tree. A little orange tree, that I've drawn

there. A smaller tree.

And this fact that every node in the subject tree is the root of another tree

is why this whole algorithm works, as a very pretty recursive kind of a

computation. So, a little more terminology.

I've got the pattern library our technology library drawn at the top again

NOT, NAND2, AND2, NOR2, OR2, AOI21, AOI22 up at the top, with black circles and

white circles and squares. And I've got the subject tree big gray

triangle and node r up at the top.

>> Suppose library pattern p sub i, the ith pattern in the technology library matches

at root r. So let's be concrete about that and say,

let's say it's AOI21. Then what we mean is we can put that

pattern on top of the tree and the root of the AOI21 will match the root of r and

when we start sort of going down the nodes, they will match, too.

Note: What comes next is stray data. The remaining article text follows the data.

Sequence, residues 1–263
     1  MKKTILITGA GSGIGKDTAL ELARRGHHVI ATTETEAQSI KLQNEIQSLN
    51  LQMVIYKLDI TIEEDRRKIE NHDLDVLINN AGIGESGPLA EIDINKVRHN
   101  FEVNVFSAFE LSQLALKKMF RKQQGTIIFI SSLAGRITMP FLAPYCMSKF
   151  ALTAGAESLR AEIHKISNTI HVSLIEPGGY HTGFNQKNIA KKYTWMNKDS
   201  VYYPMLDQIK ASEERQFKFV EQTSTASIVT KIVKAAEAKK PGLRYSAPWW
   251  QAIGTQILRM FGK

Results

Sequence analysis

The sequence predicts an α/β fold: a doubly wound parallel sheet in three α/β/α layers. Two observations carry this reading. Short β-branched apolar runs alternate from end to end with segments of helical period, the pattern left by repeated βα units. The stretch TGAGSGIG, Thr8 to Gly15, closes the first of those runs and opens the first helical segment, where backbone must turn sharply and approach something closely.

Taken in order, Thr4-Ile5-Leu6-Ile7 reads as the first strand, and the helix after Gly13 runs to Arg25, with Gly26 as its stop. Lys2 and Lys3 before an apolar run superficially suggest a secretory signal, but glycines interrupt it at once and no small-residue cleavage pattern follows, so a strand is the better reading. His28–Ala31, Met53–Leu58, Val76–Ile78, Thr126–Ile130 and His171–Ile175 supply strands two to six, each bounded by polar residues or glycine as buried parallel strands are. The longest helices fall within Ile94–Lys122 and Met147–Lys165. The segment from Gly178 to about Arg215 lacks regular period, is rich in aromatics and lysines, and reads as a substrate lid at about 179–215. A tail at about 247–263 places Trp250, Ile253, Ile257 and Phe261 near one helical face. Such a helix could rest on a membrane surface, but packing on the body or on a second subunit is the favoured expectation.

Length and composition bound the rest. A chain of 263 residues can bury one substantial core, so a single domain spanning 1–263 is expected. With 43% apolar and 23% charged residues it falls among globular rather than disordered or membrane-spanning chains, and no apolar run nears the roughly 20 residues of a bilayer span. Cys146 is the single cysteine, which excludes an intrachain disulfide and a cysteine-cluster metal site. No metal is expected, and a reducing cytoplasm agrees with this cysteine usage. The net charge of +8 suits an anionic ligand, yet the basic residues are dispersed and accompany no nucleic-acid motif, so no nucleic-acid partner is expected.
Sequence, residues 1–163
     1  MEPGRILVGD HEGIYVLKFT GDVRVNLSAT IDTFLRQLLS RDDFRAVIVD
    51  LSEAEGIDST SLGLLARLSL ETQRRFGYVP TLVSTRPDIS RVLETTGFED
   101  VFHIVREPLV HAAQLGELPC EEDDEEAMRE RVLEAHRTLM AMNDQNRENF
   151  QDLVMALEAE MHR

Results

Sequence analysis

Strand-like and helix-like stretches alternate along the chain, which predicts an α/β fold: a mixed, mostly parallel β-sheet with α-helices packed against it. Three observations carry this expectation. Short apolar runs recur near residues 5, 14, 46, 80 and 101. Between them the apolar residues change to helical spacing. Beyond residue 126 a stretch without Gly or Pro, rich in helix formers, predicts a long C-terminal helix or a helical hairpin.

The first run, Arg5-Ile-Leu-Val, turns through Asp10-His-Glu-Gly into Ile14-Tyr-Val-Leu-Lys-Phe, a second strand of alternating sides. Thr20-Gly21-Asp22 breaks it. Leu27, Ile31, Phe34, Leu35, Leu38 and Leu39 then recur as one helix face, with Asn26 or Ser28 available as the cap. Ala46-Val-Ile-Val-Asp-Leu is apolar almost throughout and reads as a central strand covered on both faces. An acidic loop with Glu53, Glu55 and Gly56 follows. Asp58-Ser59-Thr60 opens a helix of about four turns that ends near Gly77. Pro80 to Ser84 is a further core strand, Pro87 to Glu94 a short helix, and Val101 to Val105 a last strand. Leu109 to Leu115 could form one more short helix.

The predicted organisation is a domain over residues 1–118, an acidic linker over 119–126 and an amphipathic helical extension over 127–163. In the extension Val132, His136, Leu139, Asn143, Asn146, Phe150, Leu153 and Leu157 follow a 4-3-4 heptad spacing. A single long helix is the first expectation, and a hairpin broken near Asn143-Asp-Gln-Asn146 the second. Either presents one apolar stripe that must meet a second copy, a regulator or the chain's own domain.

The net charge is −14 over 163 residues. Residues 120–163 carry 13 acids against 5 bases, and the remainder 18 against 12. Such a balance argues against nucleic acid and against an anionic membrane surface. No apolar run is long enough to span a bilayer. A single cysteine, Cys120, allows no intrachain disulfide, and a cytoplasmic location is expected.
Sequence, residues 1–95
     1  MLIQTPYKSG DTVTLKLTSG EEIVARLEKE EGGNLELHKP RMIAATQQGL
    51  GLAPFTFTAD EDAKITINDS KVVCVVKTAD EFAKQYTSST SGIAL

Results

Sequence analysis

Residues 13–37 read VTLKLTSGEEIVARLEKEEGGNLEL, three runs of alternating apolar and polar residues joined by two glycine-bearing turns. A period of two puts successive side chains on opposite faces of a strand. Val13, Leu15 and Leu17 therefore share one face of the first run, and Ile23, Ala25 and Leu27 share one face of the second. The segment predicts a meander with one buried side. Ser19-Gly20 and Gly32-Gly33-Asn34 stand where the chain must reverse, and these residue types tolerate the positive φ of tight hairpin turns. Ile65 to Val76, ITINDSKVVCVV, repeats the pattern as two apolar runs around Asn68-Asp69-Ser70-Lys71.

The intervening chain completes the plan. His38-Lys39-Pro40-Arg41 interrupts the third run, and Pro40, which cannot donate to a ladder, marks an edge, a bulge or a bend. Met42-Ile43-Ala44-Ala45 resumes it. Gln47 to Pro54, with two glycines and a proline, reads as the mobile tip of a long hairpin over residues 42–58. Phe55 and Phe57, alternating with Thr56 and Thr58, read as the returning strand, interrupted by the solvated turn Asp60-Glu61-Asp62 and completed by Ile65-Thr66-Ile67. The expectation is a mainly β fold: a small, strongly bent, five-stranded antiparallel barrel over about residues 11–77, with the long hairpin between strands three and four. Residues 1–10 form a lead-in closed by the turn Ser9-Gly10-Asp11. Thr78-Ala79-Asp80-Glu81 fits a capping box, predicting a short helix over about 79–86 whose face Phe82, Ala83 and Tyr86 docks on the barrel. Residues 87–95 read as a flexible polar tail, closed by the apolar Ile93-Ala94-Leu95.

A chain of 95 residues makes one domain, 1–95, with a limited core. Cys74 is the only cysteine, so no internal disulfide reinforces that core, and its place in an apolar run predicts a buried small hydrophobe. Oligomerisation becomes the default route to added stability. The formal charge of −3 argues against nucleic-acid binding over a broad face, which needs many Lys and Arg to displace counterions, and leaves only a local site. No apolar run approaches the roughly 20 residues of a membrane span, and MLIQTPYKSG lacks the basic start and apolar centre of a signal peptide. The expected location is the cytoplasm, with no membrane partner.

So we have this great big kind of blue sort of triangle thing that I'm drawing

at the top of the subject tree. But let's also note that pattern AOI21

has three input boxes. Those input boxes are going to fall on

some nodes inside the subject tree. And so I'm putting little arrows from

where it says each of the three input nodes and the library gate will be

matched to some nodes in the subject tree, because remember inputs match

anything. Those things are nodes x, y and z that

I've highlighted. We're going to give those things names.

We call those nodes in the subject tree leaf nodes.

For this matching library pattern so we put the root of aOI21 up at root node r.

The internal nodes the gate nodes the logic nodes match and the input nodes

match something. What do they match?

They match x and y and z inside our subject tree.

So, the final terminology is that every gate pattern in our technology library

has a cost. So gate pattern Pi has a cost.

We're going to say that's costs of Pi. And we're going to use the library costs

to calculate the cost to map the whole complete subject.

Tree. And what I've got shown on the left here

is a whole bunch of little triangles that each have at their top, their pointy

part, a big black circle because that's the root where those things match.